THE STATE OF SOUTH CAROLINA
In The Court of Appeals
Cornelius Joubert, Appellant,
South Carolina Department of Social Services and McCormick County Department of Social Services, Respondents.
The Pines of McCormick, Inc., Appellant,
South Carolina Department of Social Services and McCormick County Department of Social Services, Respondents.
Appeal From McCormick County
L. Henry McKellar, Circuit Court Judge
Fletcher C. Mann, Sr., of Leatherwood, Walker, Todd & Mann, of Greenville, for Appellant.
Stephen D. Baggett and Robert W. Cone, both of Burns, McDonald Bradford, Patrick & Tinsley, of Greenwood, for Respondents.
ANDERSON, J.: The trial court granted summary judgment to defendants South Carolina Department of Social Services and McCormick County Department of Social Services (collectively "DSS") under the statute of limitations provision of the state Tort Claims Act. Plaintiffs Cornelius Joubert and The Pines of McCormick, Inc. appeal. We affirm.
DSS issued a group foster care license to Cornelius Joubert, the Director of The Pines, a residential treatment facility for emotionally disturbed teenaged girls in McCormick. Legal custody of the teenagers remained with DSS, but Joubert, his wife Genevieve, and The Pines staff supervised them twenty-four hours a day. On December 28, 1993, DSS transferred Edwina Daniels, a deeply-troubled seventeen-year-old, from a "maximum security" foster care facility to the less-restrictive facility run by Joubert. In addition to anti-social behavior and "attitude" problems, Daniels had a long history of running away from various placements.
On January 30, 1994, slightly more than a month after her arrival, Daniels ran away from The Pines for an eight-day period. Joubert permitted her conditional return with the understanding she would not be readmitted if she fled the facility again. A few days later, Daniels threatened a fellow resident with a pair of scissors and proclaimed her intent to burn The Pines down. On February 14, one week after returning to the facility, Daniels again left The Pines without permission. She surfaced two days later in the custody of the local sheriff's department.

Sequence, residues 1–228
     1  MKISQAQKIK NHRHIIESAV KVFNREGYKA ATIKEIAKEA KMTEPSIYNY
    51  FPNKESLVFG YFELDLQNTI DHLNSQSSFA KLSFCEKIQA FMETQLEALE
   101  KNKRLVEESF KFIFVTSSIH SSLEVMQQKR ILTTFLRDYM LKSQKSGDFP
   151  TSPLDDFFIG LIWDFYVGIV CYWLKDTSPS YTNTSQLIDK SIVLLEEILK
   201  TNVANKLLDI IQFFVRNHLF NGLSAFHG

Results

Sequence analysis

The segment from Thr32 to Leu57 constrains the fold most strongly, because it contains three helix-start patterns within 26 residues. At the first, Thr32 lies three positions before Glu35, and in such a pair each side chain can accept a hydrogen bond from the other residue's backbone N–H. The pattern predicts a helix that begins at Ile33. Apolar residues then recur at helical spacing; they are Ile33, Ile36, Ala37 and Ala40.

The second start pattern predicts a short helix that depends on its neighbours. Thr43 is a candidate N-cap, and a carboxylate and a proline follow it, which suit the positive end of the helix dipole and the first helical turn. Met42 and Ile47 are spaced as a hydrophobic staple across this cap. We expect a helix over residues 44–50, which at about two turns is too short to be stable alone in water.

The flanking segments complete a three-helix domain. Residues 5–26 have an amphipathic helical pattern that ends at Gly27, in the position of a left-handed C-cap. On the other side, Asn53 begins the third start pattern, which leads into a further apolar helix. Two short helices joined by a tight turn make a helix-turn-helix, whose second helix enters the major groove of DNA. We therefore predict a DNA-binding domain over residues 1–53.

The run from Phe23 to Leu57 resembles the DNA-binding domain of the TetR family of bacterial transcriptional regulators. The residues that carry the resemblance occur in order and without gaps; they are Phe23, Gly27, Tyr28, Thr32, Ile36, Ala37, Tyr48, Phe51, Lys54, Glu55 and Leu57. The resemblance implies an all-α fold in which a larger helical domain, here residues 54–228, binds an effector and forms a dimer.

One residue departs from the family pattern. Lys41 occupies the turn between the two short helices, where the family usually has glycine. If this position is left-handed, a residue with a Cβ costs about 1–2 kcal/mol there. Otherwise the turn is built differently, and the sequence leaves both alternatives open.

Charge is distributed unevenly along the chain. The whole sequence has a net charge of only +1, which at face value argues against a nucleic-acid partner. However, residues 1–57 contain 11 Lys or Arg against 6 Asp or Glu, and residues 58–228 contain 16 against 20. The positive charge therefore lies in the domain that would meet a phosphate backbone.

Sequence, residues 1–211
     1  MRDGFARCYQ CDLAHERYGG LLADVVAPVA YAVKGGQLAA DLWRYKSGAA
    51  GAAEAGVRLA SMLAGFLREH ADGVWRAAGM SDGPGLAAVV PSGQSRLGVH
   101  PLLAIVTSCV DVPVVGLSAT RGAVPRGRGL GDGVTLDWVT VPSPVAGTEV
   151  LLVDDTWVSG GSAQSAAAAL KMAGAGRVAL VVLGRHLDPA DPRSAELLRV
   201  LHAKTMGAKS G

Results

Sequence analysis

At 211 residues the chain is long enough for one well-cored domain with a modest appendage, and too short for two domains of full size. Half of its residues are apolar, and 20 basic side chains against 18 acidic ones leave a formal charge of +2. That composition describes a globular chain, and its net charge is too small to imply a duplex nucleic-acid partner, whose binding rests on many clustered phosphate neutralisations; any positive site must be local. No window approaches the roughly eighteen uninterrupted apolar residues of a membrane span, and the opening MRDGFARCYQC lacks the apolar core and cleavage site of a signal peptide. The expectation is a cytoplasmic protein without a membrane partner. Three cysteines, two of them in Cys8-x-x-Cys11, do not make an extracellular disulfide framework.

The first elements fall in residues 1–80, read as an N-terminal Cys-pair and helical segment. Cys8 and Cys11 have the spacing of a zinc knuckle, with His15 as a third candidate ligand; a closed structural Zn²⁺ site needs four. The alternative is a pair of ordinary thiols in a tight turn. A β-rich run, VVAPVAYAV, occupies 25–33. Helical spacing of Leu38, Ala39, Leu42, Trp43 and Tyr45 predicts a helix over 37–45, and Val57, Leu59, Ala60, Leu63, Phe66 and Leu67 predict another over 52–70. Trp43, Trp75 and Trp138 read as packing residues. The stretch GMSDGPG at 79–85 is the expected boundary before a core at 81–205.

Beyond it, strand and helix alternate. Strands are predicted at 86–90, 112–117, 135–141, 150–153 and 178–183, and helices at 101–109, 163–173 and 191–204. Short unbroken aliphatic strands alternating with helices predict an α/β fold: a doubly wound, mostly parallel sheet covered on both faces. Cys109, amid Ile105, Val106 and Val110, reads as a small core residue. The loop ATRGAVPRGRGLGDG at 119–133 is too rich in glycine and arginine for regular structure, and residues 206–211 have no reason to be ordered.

Joubert informed DSS on February 16 that Daniels had returned from this unauthorized absence, but she would not be readmitted to The Pines out of concern for the other girls' safety. Because her foster-care worker was in the midst of changing jobs, DSS pleaded with Joubert to keep Edwina until the following morning. Although the substance of the parties' eventual agreement remains in controversy, it is undisputed Joubert's son drove Daniels and another seventeen-year-old runaway to a local motel, where they remained overnight without adult supervision. The following day, they were returned to The Pines to collect their belongings and turned over to a DSS caseworker.
DSS received a report on March 18, which alleged neglect and lack of supervision against Joubert stemming from this incident. During the subsequent DSS investigation, Joubert admitted leaving the juveniles at the motel and stated he saw nothing wrong in doing so. On April 29, DSS found the case "indicated" for neglect and lack of supervision. DSS advised Joubert of its decision on May 18, and on May 24, Joubert requested a "fair hearing."
By letter dated June 15, a DSS appeals examiner notified Joubert that a fair hearing had been scheduled for July 20, 1994 at 10:00 am. Joubert appeared on the appointed day, but he was advised the hearing had been continued. Thereafter, on August 10, Joubert received a subpoena to appear for the re-scheduled hearing at 10:00 am on August 31.
In the interim, on June 21, 1994, DSS informed Joubert by letter it was denying his application for renewal of his license to operate a residential group care facility. This decision, issued without notice or an opportunity to be heard, violated S.C. Code Ann. § 20-7-2260 (1985 & Supp. 1999) ("The Department [of Social Services] may revoke the license of any child welfare agency which fails to maintain the proper standards of care and service to children in its charge or which violates any provision of this subarticle. No license shall be revoked or its renewal refused except upon thirty days' written notice thereof. Upon appeal from such revocation or refusal to renew a license, the Department shall, after thirty days' written notice thereof, hold a hearing, at which time the agency shall be given an opportunity to present testimony and confront witnesses.").